Secondly, it sets out a list of known deceptive practices used to ship petroleum products to Syria, including falsifying cargo documentation such as bills of lading, carrying out STS transfers of cargo at sea, and the disabling of AIS systems to conceal locations. None of these measures are new in themselves; they have been employed for years by parties engaged in "sanctions busting". However, OFAC is saying that it knows this too and is actively on the lookout for parties engaging in such activities.

"OFAC has reminded the shipping, oil trading and financial institution communities generally that anyone (including non-US persons) who provides support to the Syrian regime by, for example, facilitating imports of oil to the Government of Syria could be designated as a SDN"

And it warns others to look out for them as well. In a list of risk mitigation measures, it encourages financial institutions, such as insurers, as well as ship registries, charterers and port operators to look out for AIS manipulation or documentary discrepancies that would be red flags for potential sanctioned cargoes.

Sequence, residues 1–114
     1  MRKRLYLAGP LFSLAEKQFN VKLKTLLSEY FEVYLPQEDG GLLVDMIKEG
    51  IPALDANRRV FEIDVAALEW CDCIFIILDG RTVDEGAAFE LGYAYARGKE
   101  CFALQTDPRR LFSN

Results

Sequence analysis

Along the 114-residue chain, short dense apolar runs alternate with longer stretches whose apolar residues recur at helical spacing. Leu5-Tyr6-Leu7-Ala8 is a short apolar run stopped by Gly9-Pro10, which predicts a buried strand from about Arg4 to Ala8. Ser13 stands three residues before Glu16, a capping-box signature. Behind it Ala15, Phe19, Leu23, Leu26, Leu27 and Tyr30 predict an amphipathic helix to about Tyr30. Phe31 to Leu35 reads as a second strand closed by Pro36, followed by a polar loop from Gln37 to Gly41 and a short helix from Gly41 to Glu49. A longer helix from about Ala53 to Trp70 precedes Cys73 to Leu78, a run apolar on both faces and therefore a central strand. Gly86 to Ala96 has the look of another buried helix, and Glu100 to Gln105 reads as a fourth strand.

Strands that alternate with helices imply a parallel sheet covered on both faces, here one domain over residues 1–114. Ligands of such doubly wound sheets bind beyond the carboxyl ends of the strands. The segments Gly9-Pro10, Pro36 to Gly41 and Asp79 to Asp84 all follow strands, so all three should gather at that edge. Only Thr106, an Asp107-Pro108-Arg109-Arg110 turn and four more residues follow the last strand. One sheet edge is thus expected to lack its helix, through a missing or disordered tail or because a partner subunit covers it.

Coming just two weeks after the re-imposition of the second tranche of secondary sanctions against Iran, this notice is therefore a timely reminder that shipping and oil trading in the Middle East, with its unique concentration of sanctions risks, is firmly at the centre of US regulatory attention. For those engaged in the industry, the risk mitigation measures identified by OFAC are a sensible starting point for managing sanctions risk. For example, caution should be exercised in relation to suspicious requests in relation cargo documentation (such as issuing bills of lading with suspicious "Eastern Mediterranean" discharge ranges) or when dealing with vessels with suspicious periods of time with no AIS connectivity. With the political climate in the region showing no sign of changing, those risk mitigation measures might well be in force for some time yet.

More than market access: the regulatory impact of Brexit on EU and UK firms